Auburn Tigers: Team Overview
by Jess Nicholas
August 19, 2009
There were few collapses as memorable in recent SEC years as Auburn’s fall from grace in 2008 that ultimately cost Tommy Tuberville his job. Auburn began the year with solid expectations, but by the end of the year was misfiring on all cylinders. The only firing that went in order was the firing first of offensive coordinator Tony Franklin and finally Tuberville, as the Tigers opted to bring former defensive coordinator Gene Chizik back from Iowa State. In 2009, Auburn will go back to the spread offense that Franklin tried to implement, only this time former Arkansas high school coaching legend Gus Mulzahn is at the controls. Auburn is a thin team in 2009, and few are expecting much. Any kind of bowl game would be a heady accomplishment.
Returning Offensive Starters: 7 (SE, TE, LT, LG, C, QB, RB)
Returning Defensive Starters: 7 (RDE, LDE, RLB, LLB, RCB, FS, SS)
Returning Specialists: 2 (PK, P)
Projected Overall Record: 5-7 (UA, Ark, WVU, UT, LSU, OM, UGA)
Projected SEC Record: 1-6 (UA, Ark, UT, LSU, OM, UGA)
Projected SEC West Record: 1-4 (UA, Ark, LSU, OM)
Ratings (Ex, Vg, Av, Fr, Pr)
Running Backs: Av
Wide Receivers: Fr
Offensive Line: Av
Defensive Line: Av
Defensive Backs: Vg
Special Teams: Av
Auburn will ditch any semblance of its traditional power running game in 2009, going full-bore into the spread offense that Mulzahn popularized in high school and in a brief stint with Tulsa. There is no fullback on the Tiger roster anymore, and the offense figures to use more misdirection, Wildcat formations and short screens to try to open up defenses. Unfortunately for Auburn, there isn’t much talent at the skill positions, and the team still doesn’t have a quarterback it can depend upon.
A virtual bombshell was dropped Aug. 13 when Auburn elected to move last year’s starter, Kodi Burns, to wide receiver and award the job to Chris Todd, who lost the job to Burns last year over injuries and concern about Todd’s arm strength. Todd is healthy now, but the arm strength questions are still there.
Behind Todd, there isn’t much. Former prep star Neil Caudle has battled his own injury demons and despite his five-star pedigree, couldn’t wrest the job away from Todd. The quarterback of the future at Auburn is probably Barrett Trotter, who figures to compete with Caudle for the backup job if his knee comes back to form after an injury in the spring.
Two true freshmen signees, Clint Moseley and Tyrik Rollison, could also get in the mix, but both need redshirt years. Moseley is cut from the same pattern as Caudle and Trotter, while Rollison is a dual-threat quarterback who is a bit smallish for the position right now. If Todd gets hurt again, it remains to be seen whether Burns – who coaches plan to use as the Wildcat quarterback – moves back.
Auburn has a lot of bodies at the position, but few proven answers. Todd was only 86-of-156 (55.1%) for 903 yards, 5 touchdowns and 6 interceptions in 2008. This one could turn out to be a mess.
Quarterback may be a morass, but the running back situation at Auburn should be strong enough. Ben Tate ran for 664 yards on 159 carries (4.2 avg.) last year and, if he’s used properly, is an above-average SEC back. The rest of the roster offers up several players with different skill sets. Mario Fannin has shown flashes of being a good runner and receiver, but also has had a problem with fumbles and mental mistakes.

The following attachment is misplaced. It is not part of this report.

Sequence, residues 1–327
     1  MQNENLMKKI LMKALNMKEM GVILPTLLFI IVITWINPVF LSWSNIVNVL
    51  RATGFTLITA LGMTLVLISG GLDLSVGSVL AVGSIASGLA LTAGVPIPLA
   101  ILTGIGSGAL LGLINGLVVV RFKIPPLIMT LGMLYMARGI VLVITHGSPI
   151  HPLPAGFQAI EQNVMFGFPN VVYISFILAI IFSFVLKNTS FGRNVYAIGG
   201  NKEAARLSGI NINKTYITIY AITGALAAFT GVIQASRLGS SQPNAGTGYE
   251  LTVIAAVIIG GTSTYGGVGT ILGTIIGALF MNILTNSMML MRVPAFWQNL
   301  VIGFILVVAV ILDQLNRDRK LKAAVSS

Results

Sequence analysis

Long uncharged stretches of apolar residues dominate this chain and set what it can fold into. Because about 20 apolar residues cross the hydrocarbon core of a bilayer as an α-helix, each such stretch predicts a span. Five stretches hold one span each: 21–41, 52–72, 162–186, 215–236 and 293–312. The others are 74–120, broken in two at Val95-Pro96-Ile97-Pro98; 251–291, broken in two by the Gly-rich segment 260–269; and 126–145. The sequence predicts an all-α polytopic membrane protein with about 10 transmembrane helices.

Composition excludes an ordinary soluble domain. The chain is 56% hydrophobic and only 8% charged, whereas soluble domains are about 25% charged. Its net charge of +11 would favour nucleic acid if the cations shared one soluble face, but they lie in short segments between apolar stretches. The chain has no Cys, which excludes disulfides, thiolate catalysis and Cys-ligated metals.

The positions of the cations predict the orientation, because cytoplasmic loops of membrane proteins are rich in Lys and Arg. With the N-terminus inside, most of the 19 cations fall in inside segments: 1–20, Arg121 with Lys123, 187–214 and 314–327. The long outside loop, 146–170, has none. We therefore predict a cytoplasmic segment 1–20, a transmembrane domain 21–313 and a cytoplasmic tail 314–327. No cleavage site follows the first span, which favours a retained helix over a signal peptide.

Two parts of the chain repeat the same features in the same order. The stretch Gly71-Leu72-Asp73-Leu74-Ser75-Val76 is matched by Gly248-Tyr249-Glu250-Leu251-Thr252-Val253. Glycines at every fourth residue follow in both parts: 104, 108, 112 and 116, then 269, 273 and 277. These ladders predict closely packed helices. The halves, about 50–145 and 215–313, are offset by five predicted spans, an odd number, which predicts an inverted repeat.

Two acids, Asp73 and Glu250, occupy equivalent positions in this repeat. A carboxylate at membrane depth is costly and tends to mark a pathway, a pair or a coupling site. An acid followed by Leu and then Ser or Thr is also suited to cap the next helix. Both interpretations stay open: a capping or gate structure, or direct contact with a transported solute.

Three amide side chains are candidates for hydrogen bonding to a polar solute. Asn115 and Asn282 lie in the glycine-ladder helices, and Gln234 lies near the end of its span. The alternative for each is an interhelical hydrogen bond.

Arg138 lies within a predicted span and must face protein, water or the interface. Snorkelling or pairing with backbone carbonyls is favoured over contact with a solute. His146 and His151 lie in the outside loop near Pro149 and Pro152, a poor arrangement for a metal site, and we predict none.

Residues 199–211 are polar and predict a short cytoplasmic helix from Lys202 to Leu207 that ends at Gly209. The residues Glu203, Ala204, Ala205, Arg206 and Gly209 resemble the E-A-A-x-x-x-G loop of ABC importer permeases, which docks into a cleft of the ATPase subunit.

Eric Smith looks like a potential power back, while scatback Onterio McCalebb can fly but may not be able to take a pounding inside. True freshman Dontae Aycock could get some time as the season moves along. Conspicuously absent is any semblance of a fullback; when Auburn needs to go big, expect Smith to be the man.
Unless the installation of the spread ends up benefiting the Tiger wideouts by default, Auburn could be in some trouble here. The most experienced wideout on the team, Montez Billings, saw his status remain up in the air over eligibility issues. Even if he’s eligible, Billings caught only 24 passes for 277 yards (11.5 avg.) and 0 touchdowns in 2008. Terrell Zachary has been on radar screens for years, as Tiger fans hoped for a breakout season. Zachary figures to start this year in the slot and it’s now or never for the former prep standout from Wadley.
Auburn will start three receivers, and sophomore Darvin Adams figures to be the third starter. He’s the second-tallest Tiger wideout at 6’3”, but caught only 3 passes for 18 yards (6.0 avg.) last year. The only other big bodies available are converted quarterback Kodi Burns and Tim Hawthorne; Burns is a newbie at the position and Hawthorne is currently hurt. The name on the lips of all the fans is signee DeAngelo Benton, who was all-world a couple of years ago when he originally signed with LSU. Derek Winter is a possession receiver without a lot of flash, but he could find a role.
Quindarius Carr and Philip Pierre-Louis round out the top unit. Pierre-Louis is one of the team’s fastest players but is trying to rebound from a torn ACL suffered last fall. True freshmen Emory Blake, Anthony Gulley and Travante Stallworth are also in the mix. Running backs Mario Fannin and Onterio McCalebb may also line up in the slot from time to time.
But the real go-to guy may end up not being a receiver at all, but rather a tight end – true freshman Philip Lutzenkirchen. Lutzenkirchen is custom-made for the spread offense and will start out the year backing up Tommy Trott, unless Trott’s numerous injuries force him to the sidelines.
The unfortunate thing about the spread, however, is that it renders Gabe McKenzie a man without a position. McKenzie needs to either play on a pro-set team or move to defensive end, which he’s played before. Bailey Woods adds depth.